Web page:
Evidence of meeting #77 for Justice and Human Rights in the 39th Parliament, 1st Session. (The original version is on Parliament’s site, as are the minutes.) The winning word was alcohol.

A recording is available from Parliament.

On the agenda

MPs speaking

Also speaking

  • Marthe Dalpé-Scott  Co-Chair, Drugs and Driving Committee, Canadian Society of Forensic Science
  • Evan Graham  National Coordinator, Drug Evaluation and Classification Program, Royal Canadian Mounted Police

9 a.m.

Conservative

The Chair Art Hanger

I'd like to call the Standing Committee on Justice and Human Rights to order. It is Thursday, June 14, 2007.

The committee is continuing its examination of Bill C-32, An Act to amend the Criminal Code (impaired driving) and to make consequential amendments to other Acts.

Appearing before the committee as a witness is Corporal Evan Graham, national coordinator, drug evaluation and classification program, Royal Canadian Mounted Police. Thank you for attending again, sir.

From the Canadian Society of Forensic Science, we have Ms. Marthe Dalpé-Scott, co-chair of drugs and driving committee. I understand you are replacing Ms. Treacy.

9 a.m.

Marthe Dalpé-Scott Co-Chair, Drugs and Driving Committee, Canadian Society of Forensic Science

I'm replacing Shirley Treacy, sir. Actually, I was here as an observer on Tuesday. I was a co-writer of the position paper that Shirley submitted on behalf of the drugs and driving committee as well.

9 a.m.

Conservative

The Chair Art Hanger

Thank you.

I will turn the floor over to Corporal Graham, then.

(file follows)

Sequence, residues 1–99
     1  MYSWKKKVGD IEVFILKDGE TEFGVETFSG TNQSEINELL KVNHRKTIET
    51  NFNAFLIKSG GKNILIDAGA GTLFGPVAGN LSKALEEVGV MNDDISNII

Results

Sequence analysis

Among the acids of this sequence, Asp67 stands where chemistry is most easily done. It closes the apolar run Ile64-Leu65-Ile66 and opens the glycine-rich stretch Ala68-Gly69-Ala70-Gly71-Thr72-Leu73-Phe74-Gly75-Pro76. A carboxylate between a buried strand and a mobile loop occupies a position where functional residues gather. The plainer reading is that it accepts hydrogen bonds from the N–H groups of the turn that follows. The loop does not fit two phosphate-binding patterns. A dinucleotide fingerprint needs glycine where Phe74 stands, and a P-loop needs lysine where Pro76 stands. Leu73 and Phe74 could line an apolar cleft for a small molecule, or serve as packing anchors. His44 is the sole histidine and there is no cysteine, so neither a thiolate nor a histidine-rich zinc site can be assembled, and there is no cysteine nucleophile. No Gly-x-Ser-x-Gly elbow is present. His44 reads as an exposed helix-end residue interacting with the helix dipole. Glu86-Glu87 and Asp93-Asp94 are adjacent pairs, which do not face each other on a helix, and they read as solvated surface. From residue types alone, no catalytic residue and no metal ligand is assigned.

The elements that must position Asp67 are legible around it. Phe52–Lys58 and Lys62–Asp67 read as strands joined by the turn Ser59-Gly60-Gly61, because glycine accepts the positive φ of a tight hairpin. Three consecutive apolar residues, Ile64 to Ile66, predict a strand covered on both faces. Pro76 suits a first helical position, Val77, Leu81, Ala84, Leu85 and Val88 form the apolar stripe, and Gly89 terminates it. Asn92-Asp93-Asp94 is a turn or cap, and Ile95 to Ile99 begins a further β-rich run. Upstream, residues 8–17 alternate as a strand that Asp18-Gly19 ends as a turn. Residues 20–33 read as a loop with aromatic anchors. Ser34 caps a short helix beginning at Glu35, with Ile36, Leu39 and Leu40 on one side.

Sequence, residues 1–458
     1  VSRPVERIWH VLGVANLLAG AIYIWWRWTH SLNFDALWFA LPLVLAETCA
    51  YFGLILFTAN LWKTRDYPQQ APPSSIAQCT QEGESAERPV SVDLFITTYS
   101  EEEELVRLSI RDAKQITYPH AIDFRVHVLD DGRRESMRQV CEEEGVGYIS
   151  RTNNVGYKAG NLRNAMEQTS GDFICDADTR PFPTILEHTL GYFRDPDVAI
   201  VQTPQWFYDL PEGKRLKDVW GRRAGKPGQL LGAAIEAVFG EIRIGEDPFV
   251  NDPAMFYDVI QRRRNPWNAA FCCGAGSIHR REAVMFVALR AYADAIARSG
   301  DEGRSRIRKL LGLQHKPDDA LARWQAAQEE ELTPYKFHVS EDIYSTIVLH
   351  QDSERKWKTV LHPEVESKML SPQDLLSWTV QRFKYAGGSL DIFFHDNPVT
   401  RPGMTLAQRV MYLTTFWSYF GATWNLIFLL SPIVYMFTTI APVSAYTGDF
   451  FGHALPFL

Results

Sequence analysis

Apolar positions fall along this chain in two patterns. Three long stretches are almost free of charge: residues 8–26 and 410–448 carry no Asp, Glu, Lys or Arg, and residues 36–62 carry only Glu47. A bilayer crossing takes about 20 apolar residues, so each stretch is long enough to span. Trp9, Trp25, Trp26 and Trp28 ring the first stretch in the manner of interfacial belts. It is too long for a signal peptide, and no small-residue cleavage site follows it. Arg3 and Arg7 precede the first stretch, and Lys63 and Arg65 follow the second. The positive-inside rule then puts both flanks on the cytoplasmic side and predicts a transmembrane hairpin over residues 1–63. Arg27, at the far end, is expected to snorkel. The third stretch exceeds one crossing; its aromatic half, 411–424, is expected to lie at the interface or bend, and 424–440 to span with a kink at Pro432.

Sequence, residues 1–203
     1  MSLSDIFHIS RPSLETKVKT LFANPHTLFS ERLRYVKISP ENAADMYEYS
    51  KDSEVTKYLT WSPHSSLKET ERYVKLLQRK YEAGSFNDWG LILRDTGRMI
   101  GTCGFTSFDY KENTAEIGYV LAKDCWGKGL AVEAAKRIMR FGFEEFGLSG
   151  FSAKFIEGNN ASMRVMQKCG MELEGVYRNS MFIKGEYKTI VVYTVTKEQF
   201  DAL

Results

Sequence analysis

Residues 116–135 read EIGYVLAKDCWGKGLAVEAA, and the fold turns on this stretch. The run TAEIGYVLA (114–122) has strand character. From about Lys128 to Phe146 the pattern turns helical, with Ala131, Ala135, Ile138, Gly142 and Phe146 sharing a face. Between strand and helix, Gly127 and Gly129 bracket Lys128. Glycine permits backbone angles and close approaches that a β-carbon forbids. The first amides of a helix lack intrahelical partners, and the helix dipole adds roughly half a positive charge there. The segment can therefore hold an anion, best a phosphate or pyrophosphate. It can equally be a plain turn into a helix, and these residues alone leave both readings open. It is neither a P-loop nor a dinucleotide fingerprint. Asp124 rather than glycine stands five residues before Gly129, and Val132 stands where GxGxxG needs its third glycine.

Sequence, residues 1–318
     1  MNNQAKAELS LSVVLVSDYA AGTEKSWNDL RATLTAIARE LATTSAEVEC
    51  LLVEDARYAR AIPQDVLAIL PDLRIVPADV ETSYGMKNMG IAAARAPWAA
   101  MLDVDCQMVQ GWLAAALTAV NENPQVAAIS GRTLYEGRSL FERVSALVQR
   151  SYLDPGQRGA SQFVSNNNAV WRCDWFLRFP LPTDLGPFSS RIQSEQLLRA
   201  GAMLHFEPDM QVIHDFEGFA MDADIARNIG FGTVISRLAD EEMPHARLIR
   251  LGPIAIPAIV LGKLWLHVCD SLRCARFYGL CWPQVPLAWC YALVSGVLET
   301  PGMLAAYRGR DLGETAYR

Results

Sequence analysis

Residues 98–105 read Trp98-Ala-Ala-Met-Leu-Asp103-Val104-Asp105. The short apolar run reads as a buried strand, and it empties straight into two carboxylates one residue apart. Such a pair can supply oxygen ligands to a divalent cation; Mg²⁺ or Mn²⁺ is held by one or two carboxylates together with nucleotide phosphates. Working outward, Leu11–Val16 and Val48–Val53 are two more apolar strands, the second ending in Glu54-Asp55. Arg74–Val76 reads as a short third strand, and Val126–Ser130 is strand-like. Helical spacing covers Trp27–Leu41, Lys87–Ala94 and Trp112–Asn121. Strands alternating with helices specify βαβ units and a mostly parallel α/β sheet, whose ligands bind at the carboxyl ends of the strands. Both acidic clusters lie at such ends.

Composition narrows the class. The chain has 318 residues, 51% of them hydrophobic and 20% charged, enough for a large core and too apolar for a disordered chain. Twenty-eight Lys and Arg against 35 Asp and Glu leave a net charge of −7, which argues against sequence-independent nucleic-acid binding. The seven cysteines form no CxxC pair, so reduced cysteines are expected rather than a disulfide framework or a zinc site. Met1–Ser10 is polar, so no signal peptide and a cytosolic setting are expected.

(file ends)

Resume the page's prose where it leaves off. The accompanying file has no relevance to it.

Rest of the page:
I should get the thought of the committee here, unless you just wanted to get into questions. I know, Corporal Graham, that you have testified before. Do you have something new to add?

9 a.m.

Corporal Evan Graham National Coordinator, Drug Evaluation and Classification Program, Royal Canadian Mounted Police

There are a couple of things. One is that the legislation currently calls for the initial breath test to be done in an approved screening device—

9 a.m.

Conservative

The Chair Art Hanger

I'll leave you to enter into whatever information you have there, then.

9 a.m.

Cpl Evan Graham

Okay. Thank you.

The approved screening device is designed for enhancing suspicion to reasonable and probable grounds roadside for breath demand. For the purpose of the drug evaluation, the instrument should be an evidentiary instrument that gives us a complete, full reading of the blood alcohol concentration of the subject, so that if in fact the blood alcohol concentration is over the prohibited level, we can proceed with a charge under paragraph 253(b) of the Criminal Code. It also would fall in line with provincial sanctions, which vary from province to province, regarding the blood alcohol concentration for roadside suspensions.

Other than that, I'm basically just here to clarify whatever needs to be clarified or to answer questions.

9 a.m.

Conservative

The Chair Art Hanger

Thank you, Corporal.

Go ahead, Madame Dalpé-Scott.

9 a.m.

Co-Chair, Drugs and Driving Committee, Canadian Society of Forensic Science

Marthe Dalpé-Scott

Yes, good morning, everyone.

I just want to clarify that for six years of my career I have been teaching future defence counsels and crown attorneys alike at the University of Ottawa in forensic sciences, and one of the most animated lectures is always to do with impaired driving, whether it's by alcohol or drugs. So what I'd like to straighten out over these next few questions, few hours, is a parallel situation that I see very clearly in my mind with respect to paragraph 253(b), which is impairment by alcohol over 80 milligrams percent, 80 milligrams of alcohol per 100 millilitres of blood. For that purpose, a police officer can make the demand, as Corporal Graham said, for an approved screening device at the roadside. That's step one. If that result or any other suspicion without that instrument leads to reasonable grounds that it was impairment by alcohol while driving, then a demand can be made for an approved instrument, most of the time at the police station, although we will have soon some instruments that can be done at the roadside as well.